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Showing posts from February 29, 2016


Most people think that DNA damage is what causes a cell to be cancerous. While it is true that cancer cells may have DNA damage, it is highly unlikely that DNA damage can cause any cell to become cancerous. In fact, the DNA damage is a result of the true cause cancer. 
So let us discuss what really causes cancer. 
There have been many discoveries about cancer in the past 125 years. 
For example, William Russell (1852-1940), in 1890, discovered that there are microbes inside and outside of cancer cells. Later it was discovered that the microbes inside cancer cells were “pleomorphic,” that is, they changed shapes and sizes depending on the pH inside the cancer cells. In 1931, the Nobel Prize in Medicine was awarded to Otto Warburg for his discovery in determining that the defining characteristic of cancer cells was low “ATP energy” (ATP is made inside the mitochondria of cells and is called “adenosine triphosphate”). 
But Not Healthy Cells In 1930, it was proven that if the microbes ins…

The ancient sites and monuments destroyed in Syria's crisis

The Association for the Protection of Syrian Archaeology says more than 900 monuments and archaeological sites have been looted, damaged or destroyed in the country's crisis.

Referring to satellite images, the United Nations said in December that 300 sites had been plundered, damaged or destroyed.

Here is a look at some of the major Syrian historical sites or monuments destroyed.

Islamic State (IS) jihadists have blown up several famed tower tombs at the UNESCO-listed world heritage site, targeting the first century AD monuments as part of a campaign to destroy the site, antiquities chief Maamoun Abdulkarim told AFP.

He said that among at least seven tombs destroyed were the three best preserved and most treasured funerary towers, including the famed Tower of Elahbel.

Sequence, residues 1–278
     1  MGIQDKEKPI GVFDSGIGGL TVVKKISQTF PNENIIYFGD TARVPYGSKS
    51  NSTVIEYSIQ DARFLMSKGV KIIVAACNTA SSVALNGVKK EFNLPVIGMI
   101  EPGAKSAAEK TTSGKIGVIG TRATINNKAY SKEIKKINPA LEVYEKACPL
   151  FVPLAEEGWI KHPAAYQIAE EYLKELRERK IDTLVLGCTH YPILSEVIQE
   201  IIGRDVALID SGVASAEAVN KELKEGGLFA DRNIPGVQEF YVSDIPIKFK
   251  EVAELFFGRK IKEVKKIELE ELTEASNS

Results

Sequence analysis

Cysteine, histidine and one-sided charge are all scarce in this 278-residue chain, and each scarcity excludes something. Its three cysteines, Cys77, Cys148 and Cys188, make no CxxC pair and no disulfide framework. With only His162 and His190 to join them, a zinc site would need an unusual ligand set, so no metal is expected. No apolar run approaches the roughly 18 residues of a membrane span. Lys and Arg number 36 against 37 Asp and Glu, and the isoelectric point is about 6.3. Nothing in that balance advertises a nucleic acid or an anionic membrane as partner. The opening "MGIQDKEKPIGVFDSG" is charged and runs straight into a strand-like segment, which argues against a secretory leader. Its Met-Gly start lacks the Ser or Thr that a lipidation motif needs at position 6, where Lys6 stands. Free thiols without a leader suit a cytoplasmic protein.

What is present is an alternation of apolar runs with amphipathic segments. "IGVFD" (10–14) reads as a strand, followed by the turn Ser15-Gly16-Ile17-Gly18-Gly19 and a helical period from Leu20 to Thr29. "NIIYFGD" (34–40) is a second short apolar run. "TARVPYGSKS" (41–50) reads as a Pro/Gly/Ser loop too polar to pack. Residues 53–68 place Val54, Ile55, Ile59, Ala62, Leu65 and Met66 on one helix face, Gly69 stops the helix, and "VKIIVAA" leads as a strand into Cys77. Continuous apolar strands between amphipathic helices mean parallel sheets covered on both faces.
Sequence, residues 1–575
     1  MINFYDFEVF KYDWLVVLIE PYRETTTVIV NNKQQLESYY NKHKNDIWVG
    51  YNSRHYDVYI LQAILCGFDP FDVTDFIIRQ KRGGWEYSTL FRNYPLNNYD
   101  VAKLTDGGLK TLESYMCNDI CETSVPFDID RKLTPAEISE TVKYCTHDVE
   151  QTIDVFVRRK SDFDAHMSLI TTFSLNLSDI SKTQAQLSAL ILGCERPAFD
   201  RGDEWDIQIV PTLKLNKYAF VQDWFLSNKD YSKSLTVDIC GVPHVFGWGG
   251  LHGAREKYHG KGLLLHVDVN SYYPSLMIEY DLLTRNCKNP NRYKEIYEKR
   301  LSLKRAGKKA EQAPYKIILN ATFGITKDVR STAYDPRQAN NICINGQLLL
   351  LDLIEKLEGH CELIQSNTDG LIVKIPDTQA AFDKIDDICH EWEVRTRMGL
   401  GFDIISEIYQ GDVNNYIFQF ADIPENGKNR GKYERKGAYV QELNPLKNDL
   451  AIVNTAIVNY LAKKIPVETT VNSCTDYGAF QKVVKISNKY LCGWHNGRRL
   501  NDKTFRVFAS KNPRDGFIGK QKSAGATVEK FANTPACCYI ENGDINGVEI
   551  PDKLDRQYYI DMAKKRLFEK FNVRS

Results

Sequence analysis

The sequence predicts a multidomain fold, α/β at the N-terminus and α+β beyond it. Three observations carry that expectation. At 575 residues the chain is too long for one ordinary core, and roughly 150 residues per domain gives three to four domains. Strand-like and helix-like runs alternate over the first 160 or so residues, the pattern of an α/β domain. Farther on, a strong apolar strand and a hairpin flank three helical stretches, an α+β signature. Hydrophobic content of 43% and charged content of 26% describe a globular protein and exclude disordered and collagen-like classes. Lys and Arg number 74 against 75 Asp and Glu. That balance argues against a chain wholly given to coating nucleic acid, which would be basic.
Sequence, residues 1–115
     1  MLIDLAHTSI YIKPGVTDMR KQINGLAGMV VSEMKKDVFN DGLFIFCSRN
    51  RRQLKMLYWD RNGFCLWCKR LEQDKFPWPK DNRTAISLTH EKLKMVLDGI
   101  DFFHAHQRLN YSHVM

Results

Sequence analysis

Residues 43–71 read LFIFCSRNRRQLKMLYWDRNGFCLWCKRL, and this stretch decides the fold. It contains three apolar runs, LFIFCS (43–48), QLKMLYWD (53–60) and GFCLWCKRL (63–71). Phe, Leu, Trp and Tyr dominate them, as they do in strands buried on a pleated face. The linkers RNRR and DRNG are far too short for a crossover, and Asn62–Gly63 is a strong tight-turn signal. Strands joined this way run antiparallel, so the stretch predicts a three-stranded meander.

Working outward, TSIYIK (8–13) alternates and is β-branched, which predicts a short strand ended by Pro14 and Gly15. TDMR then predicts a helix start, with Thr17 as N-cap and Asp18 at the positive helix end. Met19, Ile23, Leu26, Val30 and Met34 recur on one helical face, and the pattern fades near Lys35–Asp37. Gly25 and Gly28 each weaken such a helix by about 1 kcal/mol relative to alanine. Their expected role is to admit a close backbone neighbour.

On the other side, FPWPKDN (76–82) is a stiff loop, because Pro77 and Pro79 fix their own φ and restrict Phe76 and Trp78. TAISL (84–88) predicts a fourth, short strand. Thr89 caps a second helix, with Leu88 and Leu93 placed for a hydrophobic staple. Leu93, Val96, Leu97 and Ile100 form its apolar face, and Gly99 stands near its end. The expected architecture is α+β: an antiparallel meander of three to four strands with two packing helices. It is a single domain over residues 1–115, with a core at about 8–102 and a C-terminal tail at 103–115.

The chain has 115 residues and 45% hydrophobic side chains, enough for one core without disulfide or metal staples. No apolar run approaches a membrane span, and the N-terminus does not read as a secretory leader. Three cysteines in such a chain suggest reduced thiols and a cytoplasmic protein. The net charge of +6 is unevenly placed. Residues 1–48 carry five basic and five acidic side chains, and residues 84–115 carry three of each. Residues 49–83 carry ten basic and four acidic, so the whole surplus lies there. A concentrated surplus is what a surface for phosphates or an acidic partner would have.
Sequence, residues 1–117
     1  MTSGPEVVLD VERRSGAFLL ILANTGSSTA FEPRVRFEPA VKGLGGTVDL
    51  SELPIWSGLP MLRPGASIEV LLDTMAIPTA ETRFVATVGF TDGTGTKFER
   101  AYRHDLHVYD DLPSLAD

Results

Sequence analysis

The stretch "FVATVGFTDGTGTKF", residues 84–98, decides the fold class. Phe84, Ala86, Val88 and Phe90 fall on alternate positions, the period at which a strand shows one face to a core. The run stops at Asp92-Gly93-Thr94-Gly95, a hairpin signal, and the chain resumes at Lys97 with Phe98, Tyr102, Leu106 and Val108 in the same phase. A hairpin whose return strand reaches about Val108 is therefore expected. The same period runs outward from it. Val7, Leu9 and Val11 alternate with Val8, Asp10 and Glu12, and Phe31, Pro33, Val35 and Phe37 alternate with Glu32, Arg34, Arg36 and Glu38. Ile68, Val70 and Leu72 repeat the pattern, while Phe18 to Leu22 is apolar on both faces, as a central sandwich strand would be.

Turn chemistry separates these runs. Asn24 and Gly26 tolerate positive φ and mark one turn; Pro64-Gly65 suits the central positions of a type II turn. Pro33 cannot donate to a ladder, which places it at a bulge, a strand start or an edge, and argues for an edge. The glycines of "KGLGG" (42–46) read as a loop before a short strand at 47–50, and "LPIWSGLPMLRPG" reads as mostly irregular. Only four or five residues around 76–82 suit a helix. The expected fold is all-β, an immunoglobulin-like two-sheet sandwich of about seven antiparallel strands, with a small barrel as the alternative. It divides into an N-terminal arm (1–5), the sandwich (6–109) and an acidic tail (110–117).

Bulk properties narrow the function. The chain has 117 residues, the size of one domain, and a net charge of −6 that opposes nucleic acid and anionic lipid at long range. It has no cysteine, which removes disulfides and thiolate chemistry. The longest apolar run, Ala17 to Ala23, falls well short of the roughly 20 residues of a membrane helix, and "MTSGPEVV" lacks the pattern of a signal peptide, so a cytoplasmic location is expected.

Earlier this week, the UN training and research agency UNITAR said satellite images "confirm the destruction of the main Temple of Bel as well as a row of columns in its immediate vicinity".

The 2,000-year…
PHOTO: The main opposition grouping described the ceasefire as "positive" but lodged a formal complaint with the UN and foreign governments about breaches on the first day. (AFP: STR)

Key players in the Syrian war traded accusations over violations of the first major ceasefire in the five-year conflict, but the truce remained largely intact on its second day.

The main opposition grouping described the ceasefire as "positive" but lodged a formal complaint with the United Nations and foreign governments about breaches on the first day.

"We have violations here and there, but in general it is a lot better than before and people are comfortable," said Salem al-Meslet, spokesman for the Saudi-backed High Negotiations Committee (HNC).

An HNC letter to UN secretary-general Ban Ki-moon accused the Syrian government and its allies of committing "24 violations with artillery shelling and five ground operations... in 26 areas held by the moderate opposition".